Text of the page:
Rirkrit Tiravanija

b. 1961, Buenos Aires, Argentina
Lives and works in Thailand, Germany and New York.

Rirkrit is an Argentina-born Thai artist who lives between New York, Berlin, and Chiang Mai and his work carries strains of this nomadic existence, blending and recombining different cultural contexts. Rather than insisting on a particular reality or truth, his work creates open-ended contexts for people to grapple with these questions themselves. The strength of his work lies precisely in its ephemerality and the slippery ways it escapes definition; he takes the material of the every-day and re-stages it, allowing the viewer a perspective at once banal and deeply profound about the quickly fleeting nature of life itself.

Even though Rirkrit Tiravanija’s diverse artistic production eludes classification, he has accurately described it as “relational”: a body of work focused on real-time experience and exchange that breaks down the barriers between the object and the spectator while questioning the art object as fetish, and the sacredness of the gallery and museum display.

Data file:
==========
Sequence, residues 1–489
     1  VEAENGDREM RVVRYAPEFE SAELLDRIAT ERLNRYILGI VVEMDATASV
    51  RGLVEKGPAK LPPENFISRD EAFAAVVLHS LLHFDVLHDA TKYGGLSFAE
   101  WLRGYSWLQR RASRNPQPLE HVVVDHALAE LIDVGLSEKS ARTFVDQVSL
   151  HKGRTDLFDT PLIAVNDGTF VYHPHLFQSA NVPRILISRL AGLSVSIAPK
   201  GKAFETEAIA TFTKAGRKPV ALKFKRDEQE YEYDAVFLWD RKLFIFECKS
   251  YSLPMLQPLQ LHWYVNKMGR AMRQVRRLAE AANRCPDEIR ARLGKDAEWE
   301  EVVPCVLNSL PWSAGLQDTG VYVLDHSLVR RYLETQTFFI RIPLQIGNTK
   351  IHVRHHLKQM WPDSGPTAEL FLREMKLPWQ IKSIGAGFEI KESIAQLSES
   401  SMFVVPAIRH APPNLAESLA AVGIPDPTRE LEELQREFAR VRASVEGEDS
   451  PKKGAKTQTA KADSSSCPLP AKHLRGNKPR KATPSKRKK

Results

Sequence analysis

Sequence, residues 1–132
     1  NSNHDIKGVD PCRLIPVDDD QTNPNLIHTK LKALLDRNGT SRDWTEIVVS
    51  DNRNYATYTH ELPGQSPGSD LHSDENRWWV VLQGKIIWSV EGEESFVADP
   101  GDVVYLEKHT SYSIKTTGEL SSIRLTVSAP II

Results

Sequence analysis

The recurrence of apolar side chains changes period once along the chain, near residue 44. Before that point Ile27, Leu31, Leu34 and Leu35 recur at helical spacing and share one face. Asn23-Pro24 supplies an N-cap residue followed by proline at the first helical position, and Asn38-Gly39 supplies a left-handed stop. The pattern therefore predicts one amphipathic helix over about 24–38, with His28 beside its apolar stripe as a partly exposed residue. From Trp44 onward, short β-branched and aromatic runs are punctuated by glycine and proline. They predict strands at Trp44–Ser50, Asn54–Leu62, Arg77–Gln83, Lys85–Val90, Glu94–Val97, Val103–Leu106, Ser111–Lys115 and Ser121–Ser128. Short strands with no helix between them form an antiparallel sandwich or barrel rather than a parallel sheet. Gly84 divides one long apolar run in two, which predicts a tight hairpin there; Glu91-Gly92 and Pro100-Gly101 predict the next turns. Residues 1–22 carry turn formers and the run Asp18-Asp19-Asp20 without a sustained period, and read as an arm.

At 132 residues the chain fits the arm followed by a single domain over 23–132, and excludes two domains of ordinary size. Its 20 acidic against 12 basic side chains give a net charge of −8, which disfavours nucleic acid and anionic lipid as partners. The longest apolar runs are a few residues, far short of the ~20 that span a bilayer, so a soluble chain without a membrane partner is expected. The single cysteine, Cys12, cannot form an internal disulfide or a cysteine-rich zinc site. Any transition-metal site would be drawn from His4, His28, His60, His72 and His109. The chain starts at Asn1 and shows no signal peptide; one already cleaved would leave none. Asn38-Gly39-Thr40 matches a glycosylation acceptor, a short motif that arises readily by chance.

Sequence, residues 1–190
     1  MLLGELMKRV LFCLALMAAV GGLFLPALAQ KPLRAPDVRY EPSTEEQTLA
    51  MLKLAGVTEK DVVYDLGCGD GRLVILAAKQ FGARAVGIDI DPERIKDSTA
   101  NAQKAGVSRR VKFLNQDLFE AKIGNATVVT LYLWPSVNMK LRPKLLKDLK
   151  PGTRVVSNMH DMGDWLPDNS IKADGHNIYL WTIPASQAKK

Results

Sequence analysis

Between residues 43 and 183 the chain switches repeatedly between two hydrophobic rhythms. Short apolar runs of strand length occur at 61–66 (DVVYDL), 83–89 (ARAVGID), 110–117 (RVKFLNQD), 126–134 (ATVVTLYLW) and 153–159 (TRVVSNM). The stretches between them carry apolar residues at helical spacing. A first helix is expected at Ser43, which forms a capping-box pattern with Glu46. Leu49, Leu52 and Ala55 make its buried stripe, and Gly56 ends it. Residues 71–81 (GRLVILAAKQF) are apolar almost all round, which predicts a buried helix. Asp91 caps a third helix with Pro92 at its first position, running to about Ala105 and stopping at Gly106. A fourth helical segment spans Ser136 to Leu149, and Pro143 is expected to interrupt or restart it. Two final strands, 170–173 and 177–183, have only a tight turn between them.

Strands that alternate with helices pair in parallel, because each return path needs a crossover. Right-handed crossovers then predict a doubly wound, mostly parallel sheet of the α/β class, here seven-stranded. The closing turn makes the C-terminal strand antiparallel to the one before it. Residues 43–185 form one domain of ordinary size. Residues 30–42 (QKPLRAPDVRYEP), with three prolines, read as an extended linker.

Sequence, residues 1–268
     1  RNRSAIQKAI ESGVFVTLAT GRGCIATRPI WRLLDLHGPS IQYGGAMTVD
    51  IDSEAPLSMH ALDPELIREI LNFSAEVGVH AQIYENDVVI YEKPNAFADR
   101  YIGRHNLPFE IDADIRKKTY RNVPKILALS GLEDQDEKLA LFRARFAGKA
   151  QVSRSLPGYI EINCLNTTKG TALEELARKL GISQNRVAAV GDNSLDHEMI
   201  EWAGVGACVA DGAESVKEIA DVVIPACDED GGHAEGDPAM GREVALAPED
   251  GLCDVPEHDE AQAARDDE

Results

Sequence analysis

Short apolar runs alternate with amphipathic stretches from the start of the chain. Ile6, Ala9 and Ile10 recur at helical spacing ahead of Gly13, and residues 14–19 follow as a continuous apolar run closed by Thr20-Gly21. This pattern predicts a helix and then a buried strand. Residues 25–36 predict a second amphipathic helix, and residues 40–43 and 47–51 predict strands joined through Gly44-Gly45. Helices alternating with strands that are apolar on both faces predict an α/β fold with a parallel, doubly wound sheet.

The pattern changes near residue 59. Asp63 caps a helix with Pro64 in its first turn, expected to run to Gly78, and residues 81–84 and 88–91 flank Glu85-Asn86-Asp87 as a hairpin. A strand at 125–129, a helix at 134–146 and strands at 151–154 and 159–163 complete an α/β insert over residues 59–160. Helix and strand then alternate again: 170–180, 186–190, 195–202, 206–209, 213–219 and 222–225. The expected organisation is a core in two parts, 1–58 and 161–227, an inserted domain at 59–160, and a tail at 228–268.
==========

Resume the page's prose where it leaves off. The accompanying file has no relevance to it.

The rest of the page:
Rirkrit’s work first came to public awareness in a 1989 New York gallery through untitled (), which consisted of weekly renewed displays of the various stages of a green curry meal: a pedestal for ingredients, a pedestal for curry cooking on a burner, and a pedestal with waste products. In 1992, he continued to push and question the possibilities and principles of the gallery space in untitled (free), in which he emptied out an art gallery and turned it into a social/meeting space where he cooked large meals for visitors; and in untitled (1999), an exact replica of his East Village apartment where people were invited to live in. The artist has also described his work as “comparable to reaching out, removing Marcel Duchamp’s urinal from its pedestal, reinstalling it back on the wall, and then, in an act of returning it to its original use, pissing in it.” He is interested in subverting deeply ingrained ways of interacting with art through novel forms of collaboration and exchange that diminish the preciousness of objects, reconsidering their lifecycle and function while remaining accessible to a broad public.

The artist received his BA from Ontario College of Art and Design in 1984 and his MFA from the School of the Art Institute of Chicago in 1986. From 1985-1986, he participated in the Whitney Independent Study Program.

He has received numerous grants and awards, including the Absolut Art Award 2010; the Silpathorn Award by the Ministry of Culture in Thailand (2017); Hugo Boss Prize (2004); and Lucelia Artist Award by the Smithsonian American Art Museum (2003), among others.

Country: Thailand